Dahlia Lenaris murder by cousin Lonnie Liner explainable?
Epilepsy may be to blame for random behavior
LANCASTER, Calif. —Last week, sources close to the family of Lonnie Liner said the young man, who is in custody for allegedly murdering his cousin, Dahlia Lenaris, does not remember committing acts that led to the death of his relative.
James Monahan, associate criminal justice professor at University of New Haven and a clinical psychologist, previously suggested that Liner might be suffering from idiopathic epilepsy. With developing information from varying sources, Monahan believes strongly that Liner must be evaluated by a psychologist and even examined by a neurological professional.
“He ought to have a psychiatric evaluation,” the professor said. “It was a horrendous crime … the more you talk about this case, the more I have concern.”
Monahan said idiopathic epilepsy has the tendency to cause violent behavior and memory loss.
According to a family insider, Liner’s public defender Rosario Corona, at this point is not anticipating conducting a psychological evaluation, despite the unusual circumstances.
“It doesn’t sound like (Liner) has a very competent lawyer, and there may be some racism there,” Monahan suggested.
Corona was contacted regarding the allegations and declined to comment. She explained that at this point in the case, it would not be in the best interest of her client to reveal any information.
Idiopathic epilepsy is a rare condition that has been researched among prisoners charged with murder and other violent crimes.
“Freedom and responsibility: Readings in philosophy and law” by Herbert Morris said in some cases of prisoners who had been diagnosed (in a particular study), committed crimes in either a state of clear consciousness or epileptic automatism, which is performing actions without consciousness or intent. Morris added that it ranges from difficult to nearly impossible to make a distinction between the two mental states.
“They often take the form of a habitual act or a caricature of a habitual act: When the patient regains normal consciousness he has no memory of what occurred in the state of automatism,” Morris wrote. “The offense lacks adequate motive, and no attempt at concealment is made. In a state of altered consciousness, such offenses as indecent behavior, breach of peace, and crimes of violence varying in gravity from minor assault to rape or murder may be carried out.”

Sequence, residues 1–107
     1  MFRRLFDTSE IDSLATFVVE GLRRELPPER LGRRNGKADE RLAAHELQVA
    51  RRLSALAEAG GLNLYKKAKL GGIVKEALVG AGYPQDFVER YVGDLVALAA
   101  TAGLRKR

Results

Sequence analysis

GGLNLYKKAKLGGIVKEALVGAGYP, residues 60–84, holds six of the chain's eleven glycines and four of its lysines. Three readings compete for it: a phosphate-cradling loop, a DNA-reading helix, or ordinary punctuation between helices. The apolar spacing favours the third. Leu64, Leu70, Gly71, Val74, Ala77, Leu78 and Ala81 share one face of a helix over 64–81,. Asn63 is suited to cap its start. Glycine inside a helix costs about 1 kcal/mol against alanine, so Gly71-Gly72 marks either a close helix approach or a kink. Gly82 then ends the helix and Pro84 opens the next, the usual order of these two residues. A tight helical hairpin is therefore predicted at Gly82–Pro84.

“Notes on crime and delinquency” by Ernest Bryant Hoag explained that the time before or after idiopathic epilepsy fits may cause the patient to fall into a state of frenzy, becoming a danger to himself and others around him. Hoag also concludes that psychic epilepsy, which is uncommon, may cause someone to fall into a dream state.
“(The patient) may do anything in this state, travel about, commit a crime (sometimes of terrible violence). Conditions may last short or long period. There may be no memory of things done during this period,” the author wrote.
Causes of these types of epilepsy are unknown, but commonly have an onset in children and adolescents. According to Morris, there is no cure at this time.
Lonnie Liner, the young man who stabbed to death his 11-year-old cousin and seriously injured her 14-year-old sister, Sharoya, in the high desert community of Littlerock, was sentenced Tuesday to 26 years to life in prison.
Lancaster Superior Court Judge Hayden Zacky imposed the term on Lonnie Lee Liner, who pleaded no contest March 28 to one count each of second-degree murder and attempted murder.
Dahlia Lenaris was pronounced dead the morning of Aug. 3, 2010, by paramedics sent to a home in the 10300 block of East Avenue R-14.
PALMDALE, Calif.—It has been almost a year since the lives of the Liner and Lenaris families were changed forever. It was that dreadful morning on Aug. 3, 2010, when 16-year-old Lonnie Liner allegedly stabbed his 11-year-old cousin Dahlia Lenaris to death and nearly took the life of her older sister.
Some suggest it was a mental breakdown; others say it was pure evil. The trial for the alleged teen killer has not begun, and close family relations have been reserved about sharing any information about the imprisoned Liner, now 17.
LANCASTER, Calif.—The family of Lonnie Liner, the 17-year-old accused murderer, filed into the Michael Antonovich Antelope Valley Courthouse on Monday but, again, the trial has been pushed to another date, April 25.
Last summer, Liner was arrested and charged with the murder of his 11-year-old cousin Dahlia Lenaris and the attempted murder of her 14-year-old sister Sharoya in the Littlerock home of their guardian.
LANCASTER, Calif.—Inside a courtroom at the Michael Antonovich AV Courthouse last Thursday, 16-year-old murder suspect Lonnie Liner sat next to his public defender looking for familiar faces in the audience. They were nowhere to be found.
Liner’s family usually comes to each of his hearings, but this time it appeared as if they missed the appointment.
AbilityFirst’s Harry A. Mier Center in Inglewood offers programs for children and adults with developmental disabilities, such as autism, cerebral palsy, Down syndrome and epilepsy. The center serves the Los Angeles region, including the communities of Inglewood, Hawthorne, Gardena, South Los Angeles, South Bay, Westchester, Torrance and Lennox.